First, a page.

Disaster responders treat more than just the immediate emotional and psychological trauma of victims: they empower individuals and families to heal themselves long into a disaster's aftermath. This requires rebuilding the ability of survivors to meet their emotional and psychological needs, not only for themselves but also for others, and necessitates a careful consideration of survivors' social, economic, and political realities so healing and recovery can outlast the reverberations of disaster.
Author: Christopher A. Sanford
Publisher: Elsevier Health Sciences
Release Date: 2008-08-05
Prevent, evaluate, and manage diseases that can be acquired in tropical environments and foreign countries with The Travel and Tropical Medicine Manual. This pragmatic, pocket-sized resource equips medical providers with the knowledge they need to offer effective aid, covering key topics in pre- and post-travel medicine, caring for immigrants and refugees, and working in low-resource settings. It's also the perfect source for travelers seeking quick, easy access to the latest travel medicine information. Dynamic images illustrate key concepts for an enhanced visual understanding. Evidence-based treatment recommendations enable you to manage diseases confidently. Pocket-sized format provides access to need-to-know information quickly and easily. Highlights new evidence and content surrounding mental health and traveling. Covers emerging hot topics such as Ebola virus disease, viral hemorrhagic fevers, the role of point-of-care testing in travel medicine, and antibiotic-resistant bacteria in returning travelers and students traveling abroad. Includes an enhanced drug appendix in the back of the book.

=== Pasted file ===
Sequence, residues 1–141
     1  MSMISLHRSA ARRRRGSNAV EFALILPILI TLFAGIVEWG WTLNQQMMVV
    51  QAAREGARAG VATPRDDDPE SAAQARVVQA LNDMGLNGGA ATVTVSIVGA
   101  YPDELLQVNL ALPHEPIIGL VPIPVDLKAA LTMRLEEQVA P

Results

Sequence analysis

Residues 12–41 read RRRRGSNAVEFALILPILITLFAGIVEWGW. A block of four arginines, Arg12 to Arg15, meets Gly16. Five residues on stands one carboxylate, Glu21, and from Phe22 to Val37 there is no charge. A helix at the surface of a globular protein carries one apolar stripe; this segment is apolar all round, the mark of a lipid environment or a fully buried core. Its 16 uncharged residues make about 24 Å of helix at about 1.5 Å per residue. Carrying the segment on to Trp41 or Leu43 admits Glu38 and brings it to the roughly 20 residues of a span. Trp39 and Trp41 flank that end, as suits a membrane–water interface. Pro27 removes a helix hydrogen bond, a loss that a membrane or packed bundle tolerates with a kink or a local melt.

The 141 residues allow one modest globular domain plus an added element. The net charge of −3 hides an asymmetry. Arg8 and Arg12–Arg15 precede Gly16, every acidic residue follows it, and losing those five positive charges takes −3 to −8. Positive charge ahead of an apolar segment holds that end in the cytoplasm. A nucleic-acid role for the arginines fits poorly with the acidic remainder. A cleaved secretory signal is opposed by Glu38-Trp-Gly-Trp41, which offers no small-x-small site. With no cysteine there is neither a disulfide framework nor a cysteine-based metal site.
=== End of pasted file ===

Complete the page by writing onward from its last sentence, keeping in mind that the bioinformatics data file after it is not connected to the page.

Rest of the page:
Author: Andrew C. Isenberg
Publisher: Oxford University Press
Release Date: 2014-09-18
The field of environmental history emerged just decades ago but has established itself as one of the most innovative and important new approaches to history, one that bridges the human and natural world, the humanities and the sciences. With the current trend towards internationalizing history, environmental history is perhaps the quintessential approach to studying subjects outside the nation-state model, with pollution, global warming, and other issues affecting the earth not stopping at national borders. With 25 essays, this Handbook is global in scope and innovative in organization, looking at the field thematically through such categories as climate, disease, oceans, the body, energy, consumerism, and international relations.